With this statement, Fr. Hehir told hundreds of thousands of people that it is permissible for someone to cooperate in grave sin and still be in full communion with the Church. To say this, Fr. Hehir would have to either be ignorant of Canon 915 and other writings from the Vatican, or he would have intentionally ignored them. Either scenario requires a response.
Canon 915 of the Catholic Church’s Code of Canon Law states that those who “obstinately persist in manifest grave sin are not to be admitted to communion.”
Pope John Paul II’s encyclical letter, Ecclesia de Eucharistia, issued in April 2003 said:
The judgment of one’s state of grace obviously belongs only to the person involved, since it is a question of examining one’s conscience. However, in cases of outward conduct which is seriously, clearly and steadfastly contrary to the moral norm, the Church, in her pastoral concern for the good order of the community and out of respect for the sacrament, cannot fail to feel directly involved. The Code of Canon Law refers to this situation of a manifest lack of proper moral disposition when it states that those who “obstinately persist in manifest grave sin” are not to be admitted to Eucharistic communion.”
Most Catholics are also aware of the 2004 letter from then-Cardinal Joseph Ratzinger on the issue of Catholic pro-abortion politicians and his statement “Worthiness to Receive Holy Communion” that said such politicians were not in communion with the Church.
Regarding the grave sin of abortion or euthanasia, when a person’s formal cooperation becomes manifest (understood, in the case of a Catholic politician, as his consistently campaigning and voting for permissive abortion and euthanasia laws), his Pastor should meet with him, instructing him about the Church’s teaching, informing him that he is not to present himself for Holy Communion until he brings to an end the objective situation of sin, and warning him that he will otherwise be denied the Eucharist. When “these precautionary measures have not had their effect or in which they were not possible,” and the person in question, with obstinate persistence, still presents himself to receive the Holy Eucharist, “the minister of Holy Communion must refuse to distribute it” (cf. Pontifical Council for Legislative Texts Declaration “Holy Communion and Divorced, Civilly Remarried Catholics” , nos. 3-4). This decision, properly speaking, is not a sanction or a penalty. Nor is the minister of Holy Communion passing judgment on the person’s subjective guilt, but rather is reacting to the person’s public unworthiness to receive Holy Communion due to an objective situation of sin.”
As Pope, Benedict XVI confirmed this principle in May of 2007. Answering a reporter during an in-flight press conference en route to Mexico, Benedict addressed a question on the Mexican bishops excommunicating politicians who support legalizing abortion.
Yes, this excommunication was not an arbitrary one but is allowed by Canon law which says that the killing of an innocent child is incompatible with receiving communion, which is receiving the body of Christ,” he said. In the comment, the Pope was apparently referring to the Church’s Canon law 915 which states: “Those upon whom the penalty of excommunication or interdict has been imposed or declared, and others who obstinately persist in manifest grave sin, are not to be admitted to Holy Communion.”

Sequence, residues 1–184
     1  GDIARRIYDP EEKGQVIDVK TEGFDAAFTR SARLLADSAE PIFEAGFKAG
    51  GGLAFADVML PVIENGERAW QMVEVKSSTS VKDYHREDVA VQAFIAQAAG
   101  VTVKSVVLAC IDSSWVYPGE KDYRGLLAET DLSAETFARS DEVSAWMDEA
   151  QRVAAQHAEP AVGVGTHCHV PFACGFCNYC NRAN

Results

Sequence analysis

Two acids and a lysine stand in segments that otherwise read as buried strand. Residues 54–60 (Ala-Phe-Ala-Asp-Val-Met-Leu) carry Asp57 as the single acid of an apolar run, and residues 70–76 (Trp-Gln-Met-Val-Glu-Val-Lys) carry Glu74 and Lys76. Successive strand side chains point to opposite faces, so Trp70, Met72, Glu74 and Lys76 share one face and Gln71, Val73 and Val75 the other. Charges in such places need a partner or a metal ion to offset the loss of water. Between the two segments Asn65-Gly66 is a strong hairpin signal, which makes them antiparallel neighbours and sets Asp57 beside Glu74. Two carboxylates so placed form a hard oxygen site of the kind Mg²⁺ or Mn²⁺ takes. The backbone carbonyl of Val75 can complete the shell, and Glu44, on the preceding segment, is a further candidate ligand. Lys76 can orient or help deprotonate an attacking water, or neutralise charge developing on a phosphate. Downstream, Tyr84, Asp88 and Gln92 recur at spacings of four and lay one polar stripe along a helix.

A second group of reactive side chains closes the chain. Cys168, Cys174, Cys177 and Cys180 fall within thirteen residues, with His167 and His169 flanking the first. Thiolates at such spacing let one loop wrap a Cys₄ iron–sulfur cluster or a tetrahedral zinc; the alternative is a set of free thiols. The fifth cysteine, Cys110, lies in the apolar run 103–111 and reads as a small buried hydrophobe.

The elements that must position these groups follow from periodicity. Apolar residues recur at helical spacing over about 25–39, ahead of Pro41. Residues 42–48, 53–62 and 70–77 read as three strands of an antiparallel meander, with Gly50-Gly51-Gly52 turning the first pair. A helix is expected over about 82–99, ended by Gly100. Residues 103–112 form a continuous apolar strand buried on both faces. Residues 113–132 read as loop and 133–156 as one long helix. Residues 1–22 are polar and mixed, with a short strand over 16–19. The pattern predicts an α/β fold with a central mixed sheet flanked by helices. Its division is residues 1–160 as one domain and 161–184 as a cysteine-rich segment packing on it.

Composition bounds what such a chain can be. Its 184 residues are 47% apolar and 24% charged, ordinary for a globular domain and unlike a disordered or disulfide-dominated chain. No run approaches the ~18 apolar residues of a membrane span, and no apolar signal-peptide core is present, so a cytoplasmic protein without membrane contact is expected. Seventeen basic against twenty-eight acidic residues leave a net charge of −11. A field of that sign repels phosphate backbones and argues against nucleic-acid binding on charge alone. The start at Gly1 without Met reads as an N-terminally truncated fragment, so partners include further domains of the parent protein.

Cardinal O’Malley himself has said that voting for pro-abortion candidates “borders on scandal.” He was quoted in the Boston Globe in 2004 as having said, pro-abortion Catholic politicians “should not be receiving Communion and should on their own volition refrain from doing so.”
If a politician was proudly and publicly not in communion with the Church—such that the person is to be denied Communion and/or should not present themselves for Communion, and the Pope says that excommunication is allowed according to Canon law, then on what basis did Fr. Hehir say nothing about this, and instead send a message to Catholics and non-Catholics that the pro-abortion, pro-gay-marriage Kennedy was in full communion with the Church by virtue of his ignoring these principles and presenting himself for communion on a weekly basis? Kennedy’s record of opposition to the Church on abortion and marriage more than explains why a politician like Sen. Kennedy should not have been a regular communicant.
That a senior aide to the Cardinal with the supposed theological heft of Fr. Hehir would make such a statement suggests some serious misunderstandings on his part about the faith. Does Fr. Hehir believe a person should present themselves to receive the Eucharist with no greater degree of examination of conscience than someone invited to a birthday party who believes that since they are attending the party, they are entitled to their own cupcake? Worse than that, according to Bishop Olmsted, such a failure to call evil by its name has the effect of leading to more evil acts in the future, in this case, obviously not by the deceased, but by others. (Time to take a break. Refresh that cold drink, and keep reading!)
There is “No question whatsoever that Kennedy merits a Catholic funeral.”